We’ve just watched Paper Tiger (1975), which Patty gave me for my birthday. We rented it once, years ago, and never forgot it. But as much as we liked it then, it blows our socks off now. At last! A movie I can turn cartwheels over.
Toshiro Mifune–not playing a samurai, for once–is the Japanese ambassador to an unnamed Asian dictatorship, who hires David Niven as a tutor for his little boy. Niven has, shall we say, padded his resume, giving himself out as a decorated war hero and international adventurer. In reality, he’s been a quiet country schoolmaster all his life. But his employers don’t know that, and he soon fills little Koichi’s head with all sorts of tall tales about his death-defying wartime heroics. In fact, he was never in the army.
Rebels kidnap Koichi and his tutor, threatening to murder them unless the dictator releases political prisoners. Things look bad, and poor Niven, now that he actually has an adventure, can’t cope. He must now confront the truth about himself, and admit that he’s a total fraud.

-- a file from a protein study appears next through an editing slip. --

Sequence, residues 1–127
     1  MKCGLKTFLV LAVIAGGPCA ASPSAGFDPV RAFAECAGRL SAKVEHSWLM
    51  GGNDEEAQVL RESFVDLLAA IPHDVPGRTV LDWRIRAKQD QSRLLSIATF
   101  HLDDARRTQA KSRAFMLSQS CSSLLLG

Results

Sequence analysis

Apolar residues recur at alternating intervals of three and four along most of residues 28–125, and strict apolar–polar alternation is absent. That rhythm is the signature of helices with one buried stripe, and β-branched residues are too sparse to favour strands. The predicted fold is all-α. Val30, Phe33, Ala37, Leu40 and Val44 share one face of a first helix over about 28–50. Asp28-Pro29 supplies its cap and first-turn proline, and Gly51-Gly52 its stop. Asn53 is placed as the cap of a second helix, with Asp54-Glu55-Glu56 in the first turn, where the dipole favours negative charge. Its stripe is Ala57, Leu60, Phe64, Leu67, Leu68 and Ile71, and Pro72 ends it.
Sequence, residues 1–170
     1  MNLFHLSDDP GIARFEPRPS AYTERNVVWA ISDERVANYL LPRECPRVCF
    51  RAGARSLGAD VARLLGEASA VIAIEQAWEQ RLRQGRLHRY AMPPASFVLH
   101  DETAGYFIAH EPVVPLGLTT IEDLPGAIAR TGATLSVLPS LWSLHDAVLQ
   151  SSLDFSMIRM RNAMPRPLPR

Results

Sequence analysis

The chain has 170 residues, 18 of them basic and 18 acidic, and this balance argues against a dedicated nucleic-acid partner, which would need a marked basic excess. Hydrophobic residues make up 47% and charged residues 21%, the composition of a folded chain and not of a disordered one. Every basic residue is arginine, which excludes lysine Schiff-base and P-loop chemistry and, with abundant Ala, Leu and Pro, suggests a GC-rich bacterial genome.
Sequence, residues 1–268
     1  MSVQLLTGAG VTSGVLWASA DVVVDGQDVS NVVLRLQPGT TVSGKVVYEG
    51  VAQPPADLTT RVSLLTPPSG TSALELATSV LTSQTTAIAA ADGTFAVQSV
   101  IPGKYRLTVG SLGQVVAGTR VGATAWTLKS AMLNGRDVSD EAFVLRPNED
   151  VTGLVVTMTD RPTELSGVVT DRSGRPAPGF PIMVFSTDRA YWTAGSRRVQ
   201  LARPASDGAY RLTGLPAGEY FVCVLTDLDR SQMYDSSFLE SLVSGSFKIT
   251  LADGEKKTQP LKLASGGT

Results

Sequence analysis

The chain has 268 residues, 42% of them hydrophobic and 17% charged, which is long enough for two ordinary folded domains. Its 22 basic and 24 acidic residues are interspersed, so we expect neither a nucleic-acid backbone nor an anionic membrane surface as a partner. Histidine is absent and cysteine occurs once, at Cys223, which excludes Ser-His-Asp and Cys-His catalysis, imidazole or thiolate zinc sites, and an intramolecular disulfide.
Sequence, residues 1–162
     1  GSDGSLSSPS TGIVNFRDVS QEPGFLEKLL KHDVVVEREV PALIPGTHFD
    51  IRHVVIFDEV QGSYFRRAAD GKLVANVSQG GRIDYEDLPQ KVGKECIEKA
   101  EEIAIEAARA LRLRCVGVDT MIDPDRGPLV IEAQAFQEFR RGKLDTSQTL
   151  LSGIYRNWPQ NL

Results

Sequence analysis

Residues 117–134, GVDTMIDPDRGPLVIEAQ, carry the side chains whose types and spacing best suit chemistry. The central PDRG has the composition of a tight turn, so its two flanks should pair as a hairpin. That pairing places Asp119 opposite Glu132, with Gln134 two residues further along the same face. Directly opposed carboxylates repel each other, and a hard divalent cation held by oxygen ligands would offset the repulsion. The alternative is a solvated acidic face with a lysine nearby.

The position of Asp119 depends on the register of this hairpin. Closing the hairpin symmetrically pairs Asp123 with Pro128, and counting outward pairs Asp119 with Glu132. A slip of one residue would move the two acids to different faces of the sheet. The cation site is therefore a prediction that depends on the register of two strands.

But it can’t stop there, because the little boy won’t let it. His faith in his tutor, and his love, force Niven to engineer their escape from the rebels. He conks out the guard, steals the car, and they barrel down a mountain with no brakes and no control. Surviving the crash, they have to push through the jungle and then climb up the mountain with the rebels chasing them and shooting at them. And I’ll stop there, to avoid spoilers.
You know what’s so cool about this story? At no time do the writers ever resort to the impossible, or even the wildly improbable. Nor does it hurt to have two of the 20the century’s greatest actors in the starring roles. On top of all that, the story is also quite moving.
Paper Tiger isn’t easy to get, but Patty finally found it on amazon.com, and are we glad we have it in our library!